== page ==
Commentary: An old debt, a new canoe

St. Louis Public Radio | By Robert W. Duffy
Published September 22, 2011 at 10:19 AM CDT

This article first appeared in the St. Louis Beacon, Sept. 22, 2011 – For the past two years or so, I’ve heard my friends Rick and Lotsie Holton talk about a canoe they’d commissioned. Early on, when the subject of the canoe came up, I only half listened and assumed they were talking about some recreational or fishing-trip craft they were having built for their personal use. They are rather outdoorsy. I misjudged their commission, however: Their canoe and their intentions were considerably more serious.

On Saturday (Sept. 24), this truly spectacular canoe will be dedicated in ceremonies in Washington state. The vessel carries as freight two centuries-worth of unresolved conflict. Once the ceremonies are concluded and the canoe is given to its designated custodians, a delicate and fascinating form of settlement will be realized.

First, some background.

In the early 19th century, Meriwether Lewis and William Clark set out on their celebrated expedition, launched by President Thomas Jefferson, to explore the vast western geography acquired by the United States in its purchase of the Louisiana Territory. Its significance is immeasurable, and as we’ll see, it continues to resonate.

The prelude to the journey began in Pittsburgh, where the expedition’s keelboat was built. Capt. Clark brought the boat down the Ohio and up to a place now covered by the Mississippi’s waters but located somewhere near what is now Wood River. Clark, Lewis and their men spent the winter of 1803-04 in the camp pitched there, upstream from St. Louis on the Illinois side of the Mississippi.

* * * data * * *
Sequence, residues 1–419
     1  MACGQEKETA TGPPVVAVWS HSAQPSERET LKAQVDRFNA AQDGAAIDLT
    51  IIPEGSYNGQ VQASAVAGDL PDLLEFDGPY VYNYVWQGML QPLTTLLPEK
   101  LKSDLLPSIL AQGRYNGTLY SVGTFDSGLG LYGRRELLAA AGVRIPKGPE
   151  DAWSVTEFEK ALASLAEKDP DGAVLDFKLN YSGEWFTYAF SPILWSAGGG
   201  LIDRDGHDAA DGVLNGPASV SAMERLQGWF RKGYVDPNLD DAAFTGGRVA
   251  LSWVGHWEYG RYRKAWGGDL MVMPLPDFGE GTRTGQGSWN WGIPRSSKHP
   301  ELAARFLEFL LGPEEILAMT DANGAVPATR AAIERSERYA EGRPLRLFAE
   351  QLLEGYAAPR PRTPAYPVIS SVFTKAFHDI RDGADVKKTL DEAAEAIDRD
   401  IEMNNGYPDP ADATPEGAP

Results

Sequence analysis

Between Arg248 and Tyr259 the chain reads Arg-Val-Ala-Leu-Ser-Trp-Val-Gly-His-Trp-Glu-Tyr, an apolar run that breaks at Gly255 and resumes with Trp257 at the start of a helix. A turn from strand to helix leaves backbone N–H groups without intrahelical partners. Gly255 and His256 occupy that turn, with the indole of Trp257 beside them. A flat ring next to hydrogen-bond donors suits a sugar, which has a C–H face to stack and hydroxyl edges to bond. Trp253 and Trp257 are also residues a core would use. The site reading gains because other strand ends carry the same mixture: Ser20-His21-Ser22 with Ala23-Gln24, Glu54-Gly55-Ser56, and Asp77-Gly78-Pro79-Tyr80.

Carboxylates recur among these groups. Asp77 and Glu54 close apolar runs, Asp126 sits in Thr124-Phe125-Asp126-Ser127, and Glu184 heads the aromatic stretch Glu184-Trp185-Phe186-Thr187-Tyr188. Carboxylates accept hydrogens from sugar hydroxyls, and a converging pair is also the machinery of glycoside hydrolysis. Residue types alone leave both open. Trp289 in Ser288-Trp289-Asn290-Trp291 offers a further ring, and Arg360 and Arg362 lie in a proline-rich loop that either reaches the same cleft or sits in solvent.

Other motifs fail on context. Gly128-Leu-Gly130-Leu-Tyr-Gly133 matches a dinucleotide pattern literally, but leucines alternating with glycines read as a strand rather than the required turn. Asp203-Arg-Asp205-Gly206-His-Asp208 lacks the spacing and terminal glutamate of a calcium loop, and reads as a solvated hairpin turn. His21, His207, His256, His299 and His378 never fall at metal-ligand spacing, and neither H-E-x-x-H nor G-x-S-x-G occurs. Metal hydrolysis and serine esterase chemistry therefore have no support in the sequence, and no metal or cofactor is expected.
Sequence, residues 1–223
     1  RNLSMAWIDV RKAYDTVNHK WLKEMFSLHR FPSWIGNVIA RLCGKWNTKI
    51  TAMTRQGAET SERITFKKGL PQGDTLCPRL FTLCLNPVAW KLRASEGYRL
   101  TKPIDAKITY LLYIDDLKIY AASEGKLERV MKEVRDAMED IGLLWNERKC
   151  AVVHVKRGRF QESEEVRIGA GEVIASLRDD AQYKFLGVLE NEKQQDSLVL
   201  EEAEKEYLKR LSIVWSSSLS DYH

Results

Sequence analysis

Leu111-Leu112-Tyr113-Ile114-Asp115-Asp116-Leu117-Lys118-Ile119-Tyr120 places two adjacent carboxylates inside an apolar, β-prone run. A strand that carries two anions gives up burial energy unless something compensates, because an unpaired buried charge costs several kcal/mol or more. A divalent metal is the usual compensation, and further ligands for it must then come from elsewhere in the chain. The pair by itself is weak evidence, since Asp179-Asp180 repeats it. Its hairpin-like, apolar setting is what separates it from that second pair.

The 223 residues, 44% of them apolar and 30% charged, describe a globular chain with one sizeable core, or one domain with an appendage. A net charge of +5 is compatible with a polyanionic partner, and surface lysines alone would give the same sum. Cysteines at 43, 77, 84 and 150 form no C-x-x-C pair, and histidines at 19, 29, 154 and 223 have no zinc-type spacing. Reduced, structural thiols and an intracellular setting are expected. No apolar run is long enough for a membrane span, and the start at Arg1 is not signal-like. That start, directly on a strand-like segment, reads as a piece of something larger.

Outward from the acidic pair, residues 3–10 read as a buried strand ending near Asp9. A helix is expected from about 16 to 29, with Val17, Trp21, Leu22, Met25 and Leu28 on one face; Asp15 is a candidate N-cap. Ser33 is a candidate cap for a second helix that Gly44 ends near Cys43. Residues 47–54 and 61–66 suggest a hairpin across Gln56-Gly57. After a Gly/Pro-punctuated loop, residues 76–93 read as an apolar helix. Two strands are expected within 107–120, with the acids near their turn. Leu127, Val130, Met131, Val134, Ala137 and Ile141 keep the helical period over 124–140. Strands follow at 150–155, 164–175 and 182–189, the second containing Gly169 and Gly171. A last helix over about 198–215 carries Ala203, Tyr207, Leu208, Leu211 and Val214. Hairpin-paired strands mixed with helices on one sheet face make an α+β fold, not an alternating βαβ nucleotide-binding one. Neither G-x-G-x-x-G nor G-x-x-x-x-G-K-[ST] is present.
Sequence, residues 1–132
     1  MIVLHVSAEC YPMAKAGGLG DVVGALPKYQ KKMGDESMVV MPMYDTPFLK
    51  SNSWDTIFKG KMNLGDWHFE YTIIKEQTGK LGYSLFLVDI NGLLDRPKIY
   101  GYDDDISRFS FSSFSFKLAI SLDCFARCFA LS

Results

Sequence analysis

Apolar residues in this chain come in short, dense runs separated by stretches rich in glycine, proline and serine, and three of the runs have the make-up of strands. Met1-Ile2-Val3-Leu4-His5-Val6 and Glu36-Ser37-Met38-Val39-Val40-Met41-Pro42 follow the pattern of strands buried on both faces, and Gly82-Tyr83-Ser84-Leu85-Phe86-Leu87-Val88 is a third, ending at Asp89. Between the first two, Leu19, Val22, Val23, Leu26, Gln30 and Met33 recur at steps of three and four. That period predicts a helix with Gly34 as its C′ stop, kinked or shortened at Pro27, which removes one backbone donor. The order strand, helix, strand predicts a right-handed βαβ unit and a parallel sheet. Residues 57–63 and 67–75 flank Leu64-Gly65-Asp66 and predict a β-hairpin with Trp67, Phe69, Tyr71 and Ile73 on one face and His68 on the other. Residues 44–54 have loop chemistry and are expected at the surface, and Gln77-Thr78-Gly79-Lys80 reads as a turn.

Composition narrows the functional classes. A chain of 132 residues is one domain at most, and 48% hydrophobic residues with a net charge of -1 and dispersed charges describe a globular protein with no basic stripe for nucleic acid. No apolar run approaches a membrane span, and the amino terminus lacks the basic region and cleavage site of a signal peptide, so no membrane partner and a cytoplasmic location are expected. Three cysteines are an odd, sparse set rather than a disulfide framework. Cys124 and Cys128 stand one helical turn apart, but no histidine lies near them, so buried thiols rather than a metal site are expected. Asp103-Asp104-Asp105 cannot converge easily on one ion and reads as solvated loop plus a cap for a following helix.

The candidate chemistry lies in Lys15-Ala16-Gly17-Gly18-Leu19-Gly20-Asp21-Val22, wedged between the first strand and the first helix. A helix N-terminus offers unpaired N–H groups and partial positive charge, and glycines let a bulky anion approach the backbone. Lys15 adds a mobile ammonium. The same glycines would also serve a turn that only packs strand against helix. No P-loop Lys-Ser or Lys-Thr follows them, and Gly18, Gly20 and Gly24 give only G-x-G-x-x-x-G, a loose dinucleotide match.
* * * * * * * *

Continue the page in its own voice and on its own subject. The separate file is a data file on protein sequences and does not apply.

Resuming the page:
In May 1804, the actual voyage began when the explorers set out across the Mississippi, into the mouth of the Missouri and from there upstream from the St. Louis region to the western reaches. They proceeded to make a journey to the Pacific Ocean and back began, a voyage at once productive and arduous and vexed.

Fast forward to March 17, 1806, when the explorers were on their way back to St. Louis. On that day, Lewis and Clark made very interesting and quite strange entries in the journals kept by them on the Voyage of Discovery. The entries were made as the Corps of Discovery was finishing up a decidedly wretched winter at Fort Clatsop, located in the Oregon country near the mouth of the Columbia River. Lewis likened it to prison.

Lewis wrote, “…we yet want another canoe, and as the Clatsops will not sell us one at a price which we can afford to give we will take one from them in lue of the six Elk which they stole from us in the winter.”

In the same vein, Clark wrote, “We yet want another canoe as the Clatsops will not sell us one, a proposition has been made by one of our interpts and sever[al] of the party to take one in lieu of 6 Elk which they stole from us this winter …”